I've looked at a lot of bug trackers over the years, and I even had a crack at writing my own as part of my final year university project. It was certainly an experience, and it taught me the value of "eating your own dog food".
There are hundreds of bug trackers in the wild, and they range in quality and functionality. Some are in-depth packages that really ease the process and were clearly designed with developers in mind. Others are not so good.
With so much choice available, it's good to look at the pros and cons of various systems. It's also important to make a list of your requirements, and as indies we often have a different set of criteria from larger companies.
There are plenty of reasons to use a dedicated issue tracker:
- Organisation – Problems with the software are recorded in a central place, so you don't have to worry about losing that post-it note with an issue's details scrawled on it.
- Transparency – Although it can seem counter-intuitive, letting your potential customers see your bug database can have a positive effect because it lets them see that you're actively fixing problems. It also lets them know that there's a place they can send problems, and that they'll be dealt with efficiently and not swept under the rug.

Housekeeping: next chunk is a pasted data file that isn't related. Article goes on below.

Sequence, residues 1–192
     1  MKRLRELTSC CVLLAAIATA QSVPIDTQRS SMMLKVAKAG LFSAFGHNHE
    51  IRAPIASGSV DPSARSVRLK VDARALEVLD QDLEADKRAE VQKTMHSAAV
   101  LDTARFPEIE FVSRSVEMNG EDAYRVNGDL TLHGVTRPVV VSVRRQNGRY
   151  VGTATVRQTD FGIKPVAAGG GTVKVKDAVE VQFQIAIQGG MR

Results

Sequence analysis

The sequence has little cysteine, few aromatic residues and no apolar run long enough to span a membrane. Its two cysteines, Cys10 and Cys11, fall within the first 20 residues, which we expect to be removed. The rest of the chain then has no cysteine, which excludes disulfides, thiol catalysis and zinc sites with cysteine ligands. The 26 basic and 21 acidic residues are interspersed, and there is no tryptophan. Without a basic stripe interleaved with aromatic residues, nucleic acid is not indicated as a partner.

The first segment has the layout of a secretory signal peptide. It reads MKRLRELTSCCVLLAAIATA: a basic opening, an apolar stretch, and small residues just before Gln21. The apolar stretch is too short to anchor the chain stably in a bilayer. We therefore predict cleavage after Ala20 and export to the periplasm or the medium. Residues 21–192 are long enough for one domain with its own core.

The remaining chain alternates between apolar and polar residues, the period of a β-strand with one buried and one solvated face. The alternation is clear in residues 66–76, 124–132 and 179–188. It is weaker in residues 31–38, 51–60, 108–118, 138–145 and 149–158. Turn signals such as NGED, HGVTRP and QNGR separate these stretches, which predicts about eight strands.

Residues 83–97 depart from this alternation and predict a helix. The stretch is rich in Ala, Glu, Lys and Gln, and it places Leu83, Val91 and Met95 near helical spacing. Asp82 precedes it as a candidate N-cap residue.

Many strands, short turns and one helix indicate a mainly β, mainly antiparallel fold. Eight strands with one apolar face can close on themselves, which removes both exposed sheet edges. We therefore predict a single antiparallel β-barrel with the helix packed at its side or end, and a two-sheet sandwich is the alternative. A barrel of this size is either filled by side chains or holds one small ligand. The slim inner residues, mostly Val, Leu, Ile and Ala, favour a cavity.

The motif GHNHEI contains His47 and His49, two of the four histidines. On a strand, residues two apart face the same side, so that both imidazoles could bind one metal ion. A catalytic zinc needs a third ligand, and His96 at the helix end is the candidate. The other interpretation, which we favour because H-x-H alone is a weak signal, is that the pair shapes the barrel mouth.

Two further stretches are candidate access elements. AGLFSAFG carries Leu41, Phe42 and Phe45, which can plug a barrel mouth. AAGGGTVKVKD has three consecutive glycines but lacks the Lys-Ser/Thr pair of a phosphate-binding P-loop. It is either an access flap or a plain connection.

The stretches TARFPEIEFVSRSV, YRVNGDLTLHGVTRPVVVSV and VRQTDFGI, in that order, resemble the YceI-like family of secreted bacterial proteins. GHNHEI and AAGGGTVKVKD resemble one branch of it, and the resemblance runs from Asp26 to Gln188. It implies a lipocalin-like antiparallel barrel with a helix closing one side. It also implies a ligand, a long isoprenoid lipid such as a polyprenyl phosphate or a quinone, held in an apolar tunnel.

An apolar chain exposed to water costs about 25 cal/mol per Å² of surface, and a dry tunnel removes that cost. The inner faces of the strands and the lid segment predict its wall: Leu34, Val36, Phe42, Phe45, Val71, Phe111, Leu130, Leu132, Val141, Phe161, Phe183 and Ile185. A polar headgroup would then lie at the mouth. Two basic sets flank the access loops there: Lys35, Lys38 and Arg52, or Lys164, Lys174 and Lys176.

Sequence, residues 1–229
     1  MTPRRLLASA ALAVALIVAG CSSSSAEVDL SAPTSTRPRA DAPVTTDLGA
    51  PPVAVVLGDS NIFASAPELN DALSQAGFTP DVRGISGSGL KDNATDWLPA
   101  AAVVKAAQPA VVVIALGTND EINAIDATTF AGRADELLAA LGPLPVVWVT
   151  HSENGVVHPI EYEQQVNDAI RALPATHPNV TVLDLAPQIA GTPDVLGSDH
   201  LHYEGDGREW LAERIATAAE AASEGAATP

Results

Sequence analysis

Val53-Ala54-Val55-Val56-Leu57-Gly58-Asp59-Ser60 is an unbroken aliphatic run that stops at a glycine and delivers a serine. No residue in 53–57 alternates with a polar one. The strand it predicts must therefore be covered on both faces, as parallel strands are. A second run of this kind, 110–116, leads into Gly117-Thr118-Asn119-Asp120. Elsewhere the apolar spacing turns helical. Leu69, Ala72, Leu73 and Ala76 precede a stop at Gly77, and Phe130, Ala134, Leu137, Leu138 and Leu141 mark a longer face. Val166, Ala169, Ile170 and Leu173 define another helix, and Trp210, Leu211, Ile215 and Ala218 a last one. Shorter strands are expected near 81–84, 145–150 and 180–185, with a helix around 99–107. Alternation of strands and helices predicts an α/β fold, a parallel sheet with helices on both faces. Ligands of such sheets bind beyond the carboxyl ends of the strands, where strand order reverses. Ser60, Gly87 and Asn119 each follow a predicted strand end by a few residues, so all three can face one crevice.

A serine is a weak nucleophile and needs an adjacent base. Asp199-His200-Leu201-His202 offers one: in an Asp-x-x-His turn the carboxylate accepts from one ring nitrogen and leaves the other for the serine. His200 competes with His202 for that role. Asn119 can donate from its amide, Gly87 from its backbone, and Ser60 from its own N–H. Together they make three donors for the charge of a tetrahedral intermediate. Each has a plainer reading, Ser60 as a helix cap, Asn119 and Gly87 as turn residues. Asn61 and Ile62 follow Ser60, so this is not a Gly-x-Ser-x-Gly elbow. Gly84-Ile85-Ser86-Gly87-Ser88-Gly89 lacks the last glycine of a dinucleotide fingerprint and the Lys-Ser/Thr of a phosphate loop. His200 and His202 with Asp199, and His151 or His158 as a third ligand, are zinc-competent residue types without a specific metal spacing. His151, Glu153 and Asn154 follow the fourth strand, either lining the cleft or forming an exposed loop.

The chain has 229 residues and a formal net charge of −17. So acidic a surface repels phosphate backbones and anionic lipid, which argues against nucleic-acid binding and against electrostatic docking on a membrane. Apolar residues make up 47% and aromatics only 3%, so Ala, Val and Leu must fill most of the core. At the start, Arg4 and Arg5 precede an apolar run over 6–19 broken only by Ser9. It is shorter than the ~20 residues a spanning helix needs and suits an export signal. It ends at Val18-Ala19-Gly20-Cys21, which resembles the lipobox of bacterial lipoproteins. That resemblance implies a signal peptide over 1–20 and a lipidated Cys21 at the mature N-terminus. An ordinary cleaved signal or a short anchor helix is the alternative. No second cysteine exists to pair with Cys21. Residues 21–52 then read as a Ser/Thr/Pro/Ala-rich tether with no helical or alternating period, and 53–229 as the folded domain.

- Distributed Teams – If there are several developers involved with a project, having a central system where tasks are assigned is a Good Thing. It saves multiple people solving the same problem, and helps to share the workload.
- Documenting the Process – You know what was fixed, when it was fixed and who fixed it. In some systems, you can also find out where the problem occurred in the source code and use this information to improve the quality of code.
- Feedback and Support – Some systems also allow users to submit feature requests as well as support queries. Again, this helps with keeping things organised and preventing things from getting lost.
Do Indies Have Different Requirements?
Everyone has their own set of requirements, but as a general rule indie developers will not have the same requirements as a larger company. For a start, we'll want it to be as cheap as possible! Thankfully there are a lot of open-source projects available that will run on most web servers.